Baby D's Bagels
$20 Worth of Food and Drink for Only $10
February 14, 2006

Got art … money?

The voices bemoaning proposed cuts in the two-year $17.7 billion budget that Gov. Ernie Fletcher submitted to the General Assembly last month include public university officials, primary and secondary school administrators who depend on funding for extended school services and the state Attorney General. To that list, add people who work in arts organizations.

Last year, the Kentucky Arts Council, which distributes about two-thirds of its budget to arts organizations throughout the state to help them meet operating expenses, requested a $1 million budget for 2007. Instead, Fletcher proposed to set the council’s 2007 budget at $4.7 million and its 2008 budget at $4.1 million. But before that, he cut the council’s 2006 budget by $132,500.

Last week, Arts Kentucky, which lobbies for public and government support of the arts, called on the arts community and others who value the arts to e-mail requests to legislators to increase funding for the council and its programs by $700,000. That’s how much Arts Kentucky estimates the council is losing through cuts, primarily in this year’s budget and the 2007 and 2008 funding shortfalls.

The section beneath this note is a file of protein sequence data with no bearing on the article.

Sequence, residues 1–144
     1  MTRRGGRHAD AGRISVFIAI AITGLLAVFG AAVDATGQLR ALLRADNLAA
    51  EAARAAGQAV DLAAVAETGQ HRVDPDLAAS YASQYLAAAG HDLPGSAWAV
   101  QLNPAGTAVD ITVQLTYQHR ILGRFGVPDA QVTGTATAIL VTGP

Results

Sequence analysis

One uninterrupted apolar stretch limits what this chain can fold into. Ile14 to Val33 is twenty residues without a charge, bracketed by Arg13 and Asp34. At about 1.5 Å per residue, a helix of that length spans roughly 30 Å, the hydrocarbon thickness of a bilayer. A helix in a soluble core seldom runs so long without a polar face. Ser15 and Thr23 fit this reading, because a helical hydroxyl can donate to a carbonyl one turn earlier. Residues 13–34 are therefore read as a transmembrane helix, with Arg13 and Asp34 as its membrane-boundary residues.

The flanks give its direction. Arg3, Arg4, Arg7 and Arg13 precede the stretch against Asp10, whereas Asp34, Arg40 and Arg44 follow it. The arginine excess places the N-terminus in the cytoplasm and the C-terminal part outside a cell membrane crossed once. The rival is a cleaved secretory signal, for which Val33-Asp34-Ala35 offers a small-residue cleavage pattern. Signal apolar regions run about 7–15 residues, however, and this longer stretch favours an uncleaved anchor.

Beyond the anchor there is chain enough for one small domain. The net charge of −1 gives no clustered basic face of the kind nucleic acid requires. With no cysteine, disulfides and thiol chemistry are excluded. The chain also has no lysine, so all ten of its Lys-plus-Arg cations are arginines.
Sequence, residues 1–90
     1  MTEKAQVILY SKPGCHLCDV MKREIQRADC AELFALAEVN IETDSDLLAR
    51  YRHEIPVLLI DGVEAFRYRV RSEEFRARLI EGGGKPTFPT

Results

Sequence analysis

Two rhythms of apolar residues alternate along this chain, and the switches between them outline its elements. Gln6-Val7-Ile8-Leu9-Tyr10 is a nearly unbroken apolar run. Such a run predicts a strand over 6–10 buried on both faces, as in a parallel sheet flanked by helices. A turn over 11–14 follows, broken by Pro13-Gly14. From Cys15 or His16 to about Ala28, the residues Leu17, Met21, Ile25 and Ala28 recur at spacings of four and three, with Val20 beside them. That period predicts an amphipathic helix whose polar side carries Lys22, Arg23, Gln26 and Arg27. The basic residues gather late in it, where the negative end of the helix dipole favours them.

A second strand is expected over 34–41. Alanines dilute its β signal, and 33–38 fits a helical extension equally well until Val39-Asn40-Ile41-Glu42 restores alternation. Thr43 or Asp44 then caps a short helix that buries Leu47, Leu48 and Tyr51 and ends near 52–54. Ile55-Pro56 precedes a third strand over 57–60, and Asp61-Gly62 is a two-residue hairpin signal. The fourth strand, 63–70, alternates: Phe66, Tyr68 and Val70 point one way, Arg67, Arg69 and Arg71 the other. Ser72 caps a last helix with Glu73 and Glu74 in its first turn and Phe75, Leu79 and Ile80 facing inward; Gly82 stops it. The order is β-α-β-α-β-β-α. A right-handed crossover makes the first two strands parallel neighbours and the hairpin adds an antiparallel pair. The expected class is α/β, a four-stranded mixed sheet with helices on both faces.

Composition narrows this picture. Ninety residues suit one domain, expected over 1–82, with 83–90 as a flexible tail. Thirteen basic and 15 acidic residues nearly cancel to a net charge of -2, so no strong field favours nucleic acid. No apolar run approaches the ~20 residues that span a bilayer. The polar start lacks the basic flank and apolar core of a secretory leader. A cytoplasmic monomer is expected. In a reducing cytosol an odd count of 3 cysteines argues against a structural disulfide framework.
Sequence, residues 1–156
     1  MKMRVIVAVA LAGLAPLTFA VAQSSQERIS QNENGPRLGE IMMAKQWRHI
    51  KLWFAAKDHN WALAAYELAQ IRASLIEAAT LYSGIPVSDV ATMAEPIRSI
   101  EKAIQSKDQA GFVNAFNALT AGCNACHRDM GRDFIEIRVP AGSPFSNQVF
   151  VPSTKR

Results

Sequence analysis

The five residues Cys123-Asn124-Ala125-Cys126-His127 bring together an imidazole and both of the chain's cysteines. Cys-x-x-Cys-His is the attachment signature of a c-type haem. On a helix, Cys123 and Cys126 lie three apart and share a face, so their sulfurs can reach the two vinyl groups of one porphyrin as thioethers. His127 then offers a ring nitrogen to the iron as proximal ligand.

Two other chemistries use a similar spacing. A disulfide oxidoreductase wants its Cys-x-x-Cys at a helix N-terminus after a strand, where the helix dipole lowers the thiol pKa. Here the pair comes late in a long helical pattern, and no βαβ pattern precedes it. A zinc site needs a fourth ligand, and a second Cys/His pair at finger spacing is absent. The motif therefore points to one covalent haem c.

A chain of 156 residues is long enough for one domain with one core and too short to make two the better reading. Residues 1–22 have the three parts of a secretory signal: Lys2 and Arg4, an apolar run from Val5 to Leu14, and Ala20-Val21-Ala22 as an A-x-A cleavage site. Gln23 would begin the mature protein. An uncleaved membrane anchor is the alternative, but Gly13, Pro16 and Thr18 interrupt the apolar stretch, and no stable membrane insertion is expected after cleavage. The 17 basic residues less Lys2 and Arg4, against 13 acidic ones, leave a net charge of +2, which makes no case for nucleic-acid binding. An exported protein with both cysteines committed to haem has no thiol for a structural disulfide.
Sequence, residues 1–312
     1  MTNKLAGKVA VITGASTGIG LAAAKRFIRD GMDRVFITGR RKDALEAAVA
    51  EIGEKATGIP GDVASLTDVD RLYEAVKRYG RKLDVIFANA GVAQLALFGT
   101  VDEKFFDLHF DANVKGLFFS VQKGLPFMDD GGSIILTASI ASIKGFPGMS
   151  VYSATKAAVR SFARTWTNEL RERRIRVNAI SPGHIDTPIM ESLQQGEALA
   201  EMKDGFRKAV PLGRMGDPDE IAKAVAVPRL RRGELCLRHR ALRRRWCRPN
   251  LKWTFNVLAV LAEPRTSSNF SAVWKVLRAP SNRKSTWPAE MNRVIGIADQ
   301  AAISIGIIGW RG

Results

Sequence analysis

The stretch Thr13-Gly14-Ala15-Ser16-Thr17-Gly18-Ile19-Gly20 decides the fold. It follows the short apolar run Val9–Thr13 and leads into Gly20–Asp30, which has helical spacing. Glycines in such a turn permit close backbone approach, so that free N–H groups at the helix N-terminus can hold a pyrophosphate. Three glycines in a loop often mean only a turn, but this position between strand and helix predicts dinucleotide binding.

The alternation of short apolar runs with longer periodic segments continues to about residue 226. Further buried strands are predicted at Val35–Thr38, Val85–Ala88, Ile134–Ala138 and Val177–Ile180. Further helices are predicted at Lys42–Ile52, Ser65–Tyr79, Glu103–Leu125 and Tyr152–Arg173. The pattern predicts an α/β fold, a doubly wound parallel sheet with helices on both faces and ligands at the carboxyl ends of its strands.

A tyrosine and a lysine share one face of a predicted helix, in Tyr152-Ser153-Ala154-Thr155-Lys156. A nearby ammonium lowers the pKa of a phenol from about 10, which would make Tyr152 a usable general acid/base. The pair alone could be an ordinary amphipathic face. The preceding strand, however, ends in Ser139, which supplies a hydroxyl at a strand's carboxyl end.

By Friday, all 38 senators and 100 representatives had received at least one message, reported Trish Salerno, Arts Kentucky executive director. While she was encouraged by 848 messages sent through Arts Kentucky’s Web site (www.artsky.org), the organization has even more plans.
She says Arts Kentucky will increase lobbying efforts with legislative leaders and the members of the House and Senate Appropriations and Revenue committees.

“Right now I think what’s most important for the senators and the representatives to understand is that the cuts (made) to the Arts Council are cuts made to the organizations in their districts,” she said.

Meanwhile, Arts Kentucky got encouragement from Rep. Brent Yonts, D-Greenville. During a conference last Wednesday with about 50 people representing organizations from Paducah to Pikeville, Yonts said, “Well, we scrapped the governor’s budget. We’re writing our own now. So you might get in.”